Disclosing the Termination of Private Mortgage Insurance, Yield Spread Premiums, and Net Branching Guidelines
June 14, 1999
To: The Institution Addressed
Re: Disclosing the Termination of Private Mortgage Insurance, Yield Spread Premiums, and Net Branching Guidelines
Private Mortgage Insurance
Private Mortgage Insurance ("PMI") insures residential mortgage lenders against default by borrowers. The United States Congress recently enacted the Homeowners Protection Act of 1998, 12 U.S.C. §§ 4900-4910 (West 1998) ("HPA" or the "Act"). In part, the provisions of HPA apply to a first lien mortgage loan on a single family dwelling that is the primary residence of the borrower that is made after July 29, 1999.
The Act contains a provision for the termination of PMI upon a borrower’s request, provided the borrower meets certain conditions set forth in the statute, when a borrower’s equity in the residence reaches 20% of the "original value" of the property securing the mortgage. In addition, the Act mandates the automatic cancellation of PMI when the borrower’s equity reaches 22% of the "original value", provided the loan is current. "Original value" is defined, in part, as the lesser of the sales price or the appraised value at the time the mortgage transaction was consummated.
The New York State Insurance Law Section 6503(d) states, in part, that a borrower shall no longer be required to pay for PMI on first lien mortgage loans when the unpaid principal amount of the loan represents 75% or less of the appraised value at the time the loan was made. The state statute does not require that the loan be current.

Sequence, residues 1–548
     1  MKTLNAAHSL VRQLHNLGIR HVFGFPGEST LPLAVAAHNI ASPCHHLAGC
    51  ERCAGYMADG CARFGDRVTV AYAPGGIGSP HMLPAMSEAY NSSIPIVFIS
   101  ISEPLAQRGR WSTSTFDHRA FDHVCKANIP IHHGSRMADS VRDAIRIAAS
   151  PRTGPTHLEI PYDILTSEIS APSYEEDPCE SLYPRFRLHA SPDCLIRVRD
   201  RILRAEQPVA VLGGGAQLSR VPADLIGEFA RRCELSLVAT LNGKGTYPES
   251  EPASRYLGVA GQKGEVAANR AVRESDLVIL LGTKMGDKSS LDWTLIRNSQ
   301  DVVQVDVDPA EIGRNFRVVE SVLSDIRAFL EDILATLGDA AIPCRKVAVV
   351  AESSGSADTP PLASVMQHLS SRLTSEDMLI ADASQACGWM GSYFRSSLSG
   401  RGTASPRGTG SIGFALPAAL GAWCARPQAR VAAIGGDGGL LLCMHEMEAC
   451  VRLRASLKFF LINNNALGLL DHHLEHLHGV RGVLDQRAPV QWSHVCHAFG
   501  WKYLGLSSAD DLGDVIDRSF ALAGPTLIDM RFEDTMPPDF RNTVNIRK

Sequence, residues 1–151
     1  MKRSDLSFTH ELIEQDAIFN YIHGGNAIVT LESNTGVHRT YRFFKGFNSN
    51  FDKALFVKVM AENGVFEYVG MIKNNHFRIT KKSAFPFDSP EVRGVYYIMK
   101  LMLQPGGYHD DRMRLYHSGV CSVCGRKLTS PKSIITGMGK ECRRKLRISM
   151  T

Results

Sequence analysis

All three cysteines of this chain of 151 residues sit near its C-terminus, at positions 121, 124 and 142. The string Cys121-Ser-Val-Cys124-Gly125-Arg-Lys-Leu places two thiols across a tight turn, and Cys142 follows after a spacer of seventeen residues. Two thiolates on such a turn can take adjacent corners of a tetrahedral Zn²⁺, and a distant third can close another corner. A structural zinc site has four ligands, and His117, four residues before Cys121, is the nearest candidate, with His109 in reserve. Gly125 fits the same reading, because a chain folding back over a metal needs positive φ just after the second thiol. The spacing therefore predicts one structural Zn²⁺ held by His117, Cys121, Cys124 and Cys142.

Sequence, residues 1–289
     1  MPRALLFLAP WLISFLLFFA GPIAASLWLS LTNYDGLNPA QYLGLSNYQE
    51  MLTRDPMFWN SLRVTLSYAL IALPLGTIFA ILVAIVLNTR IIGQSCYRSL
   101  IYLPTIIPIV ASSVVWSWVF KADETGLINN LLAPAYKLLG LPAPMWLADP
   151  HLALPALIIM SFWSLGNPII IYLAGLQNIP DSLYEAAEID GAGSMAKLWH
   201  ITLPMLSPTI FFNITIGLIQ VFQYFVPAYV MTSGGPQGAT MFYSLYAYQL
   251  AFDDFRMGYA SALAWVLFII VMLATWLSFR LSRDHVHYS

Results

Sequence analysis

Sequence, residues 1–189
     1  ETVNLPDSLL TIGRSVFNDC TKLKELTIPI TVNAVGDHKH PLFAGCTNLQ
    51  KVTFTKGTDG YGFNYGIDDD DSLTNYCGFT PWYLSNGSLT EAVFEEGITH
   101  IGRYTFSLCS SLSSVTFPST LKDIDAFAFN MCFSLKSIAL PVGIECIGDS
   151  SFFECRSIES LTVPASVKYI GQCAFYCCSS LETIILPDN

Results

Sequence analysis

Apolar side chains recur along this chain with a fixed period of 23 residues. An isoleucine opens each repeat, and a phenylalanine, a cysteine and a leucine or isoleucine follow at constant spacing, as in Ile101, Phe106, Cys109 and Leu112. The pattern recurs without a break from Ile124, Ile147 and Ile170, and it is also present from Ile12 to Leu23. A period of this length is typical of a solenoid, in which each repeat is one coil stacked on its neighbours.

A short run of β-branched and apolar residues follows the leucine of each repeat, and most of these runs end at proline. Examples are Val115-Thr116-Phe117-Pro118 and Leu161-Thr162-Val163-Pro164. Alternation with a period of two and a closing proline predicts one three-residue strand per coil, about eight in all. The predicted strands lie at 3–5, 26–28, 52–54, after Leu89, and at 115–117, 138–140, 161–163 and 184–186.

HPA does not supercede "protected state law except to the extent that the protected State Laws are inconsistent with any provision of this chapter, and then only to the extent of the inconsistency." 12 U.S.C. §5908(a)(2)(A). A PMI "protected state law" is one that was in effect on or before January 2, 1998 and which is amended before July 29, 2000. A state law is not considered inconsistent if it requires termination of PMI at a date earlier than as provided under HPA.
As a result of the differences between the state and federal laws, there are instances in which PMI will be terminated at an earlier date under state law rather than under HPA and other instances when PMI will be terminated at an earlier date under federal law rather than under state law.
Accordingly, lenders should do a case by case analysis to determine when the mortgagor has the right to have PMI cancelled. Part 38 of the General Regulations of the Banking Board require that a lender disclose in the commitment that private mortgage insurance will be required (if applicable) and the conditions under which such insurance would no longer be required.
The Banking Department suggests the following language as a model disclosure:
"You may terminate your mortgage loan guaranty insurance when the unpaid principal amount of the real estate loan represents 75% or less of the real estate’s appraised value at the time the loan was made. However, if your mortgage is on a single family dwelling that is your primary residence, then your loan may be eligible under federal law for earlier termination. A checkmark in the box below denotes whether your loan insurance may be terminated sooner. If so, you will be provided prior to closing with additional information explaining how the federal law may affect your mortgage insurance."
Inclusion of this language is strictly optional but, if you do use the suggested language, without alteration, you will be presumed to be in compliance with section 38.4(a)(1)(x) of the General Regulations of the Banking Board. However, this should not be construed as a guarantee against civil or criminal liability.